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I was lucky enough to meet Beth Harte at PodCamp Philly this year. I sat in on a couple of Beth’s sessions and have been following her blog ever since.

Beth wrote an interesting article on Social Media In Action on her blog that piqued my interest and really got me to thinking. She noted how she had a couple of problems with Best Buy after a purchase and through Twitter she was able to get it all figured out.

Stories like Beth’s are becoming increasingly common much to the delight of the companies using the arena, Social Media Advocates and the chagrin of those who have no clue what it’s all about.

It never ceases to amaze me how Social Media has made something as inorganic as the Internet into such a people based community.

I’m loving how it’s forcing big business to behave like the old fashioned ‘mom and pop’ stores, really bringing them down to… our level.

Large corporations are once again realizing that customers and reputation really do matter, they’re listening to people, they have people who listen to people and people to take care of people.

The point isn’t that Beth could have/would have gotten onto Twitter and slammed BestBuy so that her 1700 follower could have known her disgruntlement.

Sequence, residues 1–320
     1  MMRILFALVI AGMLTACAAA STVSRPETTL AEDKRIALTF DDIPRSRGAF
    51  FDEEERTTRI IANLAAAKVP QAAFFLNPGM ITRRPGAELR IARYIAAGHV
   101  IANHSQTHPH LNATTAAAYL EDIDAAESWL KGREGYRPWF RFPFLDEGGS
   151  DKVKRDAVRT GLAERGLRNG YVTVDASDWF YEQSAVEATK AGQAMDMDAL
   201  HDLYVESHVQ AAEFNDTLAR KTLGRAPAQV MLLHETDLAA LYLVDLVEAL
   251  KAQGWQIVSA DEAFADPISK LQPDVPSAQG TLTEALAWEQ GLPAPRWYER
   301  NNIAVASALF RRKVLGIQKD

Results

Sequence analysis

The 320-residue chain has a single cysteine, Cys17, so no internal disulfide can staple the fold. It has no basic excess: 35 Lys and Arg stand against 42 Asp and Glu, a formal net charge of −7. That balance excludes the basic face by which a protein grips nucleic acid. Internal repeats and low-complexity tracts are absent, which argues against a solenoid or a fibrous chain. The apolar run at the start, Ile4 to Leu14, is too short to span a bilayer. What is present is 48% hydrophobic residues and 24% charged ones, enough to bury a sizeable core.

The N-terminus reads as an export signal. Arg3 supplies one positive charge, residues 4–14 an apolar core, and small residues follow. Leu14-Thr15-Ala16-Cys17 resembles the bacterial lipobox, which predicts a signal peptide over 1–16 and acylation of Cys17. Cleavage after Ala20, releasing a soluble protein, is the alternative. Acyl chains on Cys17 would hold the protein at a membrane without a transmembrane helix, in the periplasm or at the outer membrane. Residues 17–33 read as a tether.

Beth was able to communicate directly, with an actual person, through an easily accessible medium to resolve an issue. The fact that that person has some influence in Best Buy Corporately makes things even better!

Kudos to the companies who are going back to a customer level and have people who can usurp the ‘jobsworths’ on the lower levels who are merely qualified to not make decisions and place blame for bad service on policy or or branch inabilities.

I don’t know how many times I’ve been DM’d or @’d (can you call it that) on Twitter in a cry for help (business or otherwise) and surprised the person on the other end with a response, and a swift response at that.

To big business I say; Talk to your customers. Ask what they want and help them. You started somewhere too ya know.

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Read Beth’s story here

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